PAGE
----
I can’t say it often enough: what global bass and electronic music in general needs is live music. Live MC’s and vocalists, but especially bands, bands and more bands!
The idea that electronic music is made by invisible producers and performed by DJ’s (preferrably by people who can or at least pretend they can do both) is an institutionalised product of the club era. We grew up with the idea that there are three kingdoms of music: bandmusic (rock, metal, latin etc.), pre-recorded, live performed by a vocalist/MC (‘urban’ genres like hiphop, dancehall and reggaeton) and electronic dance music, starring producer-DJ’s. This seems an unchangable fact of nature and crossovers seem to be the exceptions that confirm the rule. In combination with the megalomania of the conteporary EDM industry you get absurdities like producers who need to prentend being DJs by performing a prerecorded set of their own tracks. And worse, the other way around, where DJ’s who don’t necessarily have producing talent, release other people’s music under their own name. I believe this situation has reached a dead-end.
True, many rappers or RnB singers have worked and performed extensively with a live band behind them, or have collaborated with already famous bands. Collaborations between EDM DJ’s-producers with hiphop & RnB vocalists has been a mainstream pop-formula ever since David Guetta & Akon. And yes, there are electronic music acts who perform in a band-setting, like The Prodigy or Depech mode are still famous. But most of those acts stem from a time when the formula for electronic music as we know it now hadn’t crystallised yet. In a world after EDM, one of the main things to do therefore is trying different formula’s by combining different things.
This is an area where ‘global bass’ has a lot to win but also a lot to offer already. Especially in Latin America, most music, from Mexican and Argentinian cumbia and champeta, to more mainstream genres like bachata and even a lot of popular reggaeton, involves live-band elements that can freely be combined with both electronic influences and MCs.
I picked some bands, with vastly different styles and sounds, that show how such a post-EDM global bass can move beyond the limits of the DJ-producer club formula.
A band which I wanted to blog as soon as possible anyway is the Berlin based electronic AfroLatin-funk band Checkpoint Guanabana. We featured them more than a year ago already when their former single came out. Now they are back with a fantastic new single Merecumbe, which is a unique, almost unlikely fusion of funky Latin percussion, melodic guitars and the Berlinesque groove of deep techno.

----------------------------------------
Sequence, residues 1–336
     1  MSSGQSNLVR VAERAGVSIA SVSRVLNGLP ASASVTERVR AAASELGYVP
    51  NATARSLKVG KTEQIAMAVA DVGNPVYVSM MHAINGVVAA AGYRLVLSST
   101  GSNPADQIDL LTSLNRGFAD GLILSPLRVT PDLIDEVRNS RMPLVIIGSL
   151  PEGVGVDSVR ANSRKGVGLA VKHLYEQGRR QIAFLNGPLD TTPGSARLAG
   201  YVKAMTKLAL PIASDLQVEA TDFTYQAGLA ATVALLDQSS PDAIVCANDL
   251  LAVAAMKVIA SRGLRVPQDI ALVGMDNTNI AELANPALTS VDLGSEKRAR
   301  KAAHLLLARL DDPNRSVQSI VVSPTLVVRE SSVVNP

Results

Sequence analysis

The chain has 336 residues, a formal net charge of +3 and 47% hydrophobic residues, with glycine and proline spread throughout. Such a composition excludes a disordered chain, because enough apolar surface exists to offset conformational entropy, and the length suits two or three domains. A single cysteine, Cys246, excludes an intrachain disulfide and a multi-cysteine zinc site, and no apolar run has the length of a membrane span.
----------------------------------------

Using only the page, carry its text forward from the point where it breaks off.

If you dig their sound, you should definitely check out the band Pimentón from Buenos Aires, who also deliver a laidback combination of funky Latin grooves, catchy melodies and deep flavoured electronica!
Mamba, duo of DJ-producer Reptilian Commander and vocalist Pe Pa, also from Buenos Aires, has been celebrated on Generation Bass as an example for the future of transnational electronic music for more than a year now. It is not a live band yet, but for this energetic live performance they added percussionist Don Plok and it is easy to see how flexible different live elements can be combined.
Ghetto Kids are one of the leading acts of the innovative melting pot that is Mexico City’s music scene. Their drummer always jams live to all kinds of global bass beats like moombahton, cumbia, kuduro and here, to trap-bubbling with Ookay!
One of my all-time personal favourite electronic bands is the N.A.A.F.I.-signed Mexican ruidosón formation Los Macuanos. Ruidosón, 3ball’s dark, experimental cousin, already had its moment somewhat before I entered the global bass scene two years ago, so I didn’t become interested in them until I stumbled upon this Boiler Room performance exactly a year ago.
Immediately when I clicked ‘play’, I knew that these guys truly are on to something that opens huge possibilities for the future of music. Los Macuanos aren’t just another latin band spiced up with a DJ adding some electronic bleeps here and there, or a DJ with a live percussionist. The way they create their music in a live jam makes them closer to the experimental electronic bands from the pre-club era than to conventional bands as we know them.
Another genre where live and electronic elements are widely fused is electrofolk. The Chilean band Matanza is probably the best known act, who represent the genre all over the world.
But there are more examples, most of which will be familiar to Generation Bass readers, such as El Remolón…
…or, the Dutch Afro-Caribbean electrofolk band Kuenta i Tambú!
Tunche Soundsystem from Hamburg, who performed on our own party Esperanza in Berlin, make the perfect bridge between Latin electrofolk on the one hand and genres like reggae, dub and reggaeton on the other hand. Check out this excellent video-portrait!
A genre that we blog less often but whith equally promising chances for live + electronic fusion is tarraxo’s mellow, RnB-flavoured cousin kizomba. Electronic bass influences are becoming a big thing in kizomba so big chance you’ll see it more often on the blog in the near future. For now, check out the multi-talented musician P. Lowe, whose live Saxo-kizomba sessions will give you goosebumps every time you listen it!